The Day I Realized I Forgot My Daughter

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They were all crying and they all needed their momma. Two of them needed to be so close to me I wasn’t quite sure where one ended and the other began. We were just a pile of limbs, them desperately clinging to me like I was their lifeline. As I tried to balance the tearful needs of my younger two, I caught the sad doe eyes of my oldest.

“I’m jealous,” she whispered, a lone tear sliding down her cheek. “I always feel like I get the littlest amount of love.” I couldn’t really disagree with her. Was she loved less? Oh, definitely not, but in her eight year old mind it was like she got the least amount of love because she by far got the least amount of one on one attention from me because she was not only the oldest but responsible and dependable beyond her age so it always seemed like she needed me less.

She became a daddy’s girl when her baby sister was horribly colicky and demanded all my attention. As the baby for so long her little sister did get babied way more and longer than her. Then the little guy came along and he always wants his momma. Even now as he clung to me from atop his sister, he doesn’t quite get that this momma has more than one baby.

But she knows, and I realize as I look into those sad big brown eyes she felt like the forgotten baby. Though we drag the whole family around to all her activities, though she gets how much I enjoy watching her, though I tell her how proud I am of the wonderful little girl she s turning into, she never gets me to herself or even the extent of my help that the other two get because as the oldest she long ago succeeded at mastering her independence.

Suddenly I saw a bit more clearly. The wanting me to take her to basketball instead of her dad for a change, the wanting to ride with me alone while her brother and sister rode with her dad, the asking me to cuddle with her before bed. That independent daddy’s girl who was quickly racing ahead to a time when she wouldn’t need me so much did need her momma more than I realized right now.

I had forgotten her, and it crushed my momma’s heart. No I hadn’t forgotten her somewhere or forgotten to show up to support her in one of her zillion activities. But I had forgotten that despite being so independent and having that big girl going on teenage girl attitude of hers, she still needed me. She needed me to just be with her alone, she needed me to just sit and hold her, she needed me to just fully and completely be focused on her without the distraction of her brother and sister’s constant needs. I had forgotten how much she needed me too.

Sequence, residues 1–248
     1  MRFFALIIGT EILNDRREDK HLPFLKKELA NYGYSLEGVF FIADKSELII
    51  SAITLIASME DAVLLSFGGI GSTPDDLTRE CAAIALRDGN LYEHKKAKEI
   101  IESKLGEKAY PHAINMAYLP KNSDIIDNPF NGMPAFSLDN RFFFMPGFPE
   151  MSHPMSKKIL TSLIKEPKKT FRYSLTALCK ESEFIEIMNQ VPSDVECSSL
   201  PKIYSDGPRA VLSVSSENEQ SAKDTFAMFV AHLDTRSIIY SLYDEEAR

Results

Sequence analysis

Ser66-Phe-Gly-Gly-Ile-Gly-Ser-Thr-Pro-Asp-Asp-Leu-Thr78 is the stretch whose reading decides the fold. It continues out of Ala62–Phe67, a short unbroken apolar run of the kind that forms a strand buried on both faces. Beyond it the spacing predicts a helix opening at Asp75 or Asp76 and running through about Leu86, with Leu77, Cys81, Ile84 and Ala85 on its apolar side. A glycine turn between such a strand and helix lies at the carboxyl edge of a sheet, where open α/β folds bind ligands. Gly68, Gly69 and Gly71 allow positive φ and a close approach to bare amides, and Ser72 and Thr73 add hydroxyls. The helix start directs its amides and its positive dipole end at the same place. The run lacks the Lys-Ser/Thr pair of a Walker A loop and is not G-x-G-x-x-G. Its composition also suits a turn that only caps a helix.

So I made a promise to her and myself right then that we would plan our very own mother/daughter lunch date for the next week with just the two of us. Later when I finally had the other two settled on their own I called her over to just sit with me on the couch. Though she was almost nine years old, she curled up on my lap and laid her head on my shoulder, content to have her momma all to herself for once.

She might be getting older and more independent and self-sufficient every day, and as proud as I’ve always been of her for her maturity and responsibility, I was most proud of her courage to speak up for herself and let me know what she needed.  As she entered these more difficult, emotional years of her childhood I wanted her to feel comfortable in coming to me with the little and big things that weighed on her heart.  She might be getting older but I now realized she actually needed me more than she did before.

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 Bio: Angela Williams Glenn writes about the struggles and joys of motherhood on her website Stepping into Motherhood. Her book Moms, Monsters, Media, and Margaritas examines the expectations verse the realities of motherhood in our modern day digital era. She’s also been published with Chicken Soup for the Soul, Lose the Cape, and  Red Tricycle. You can follow her on facebook.

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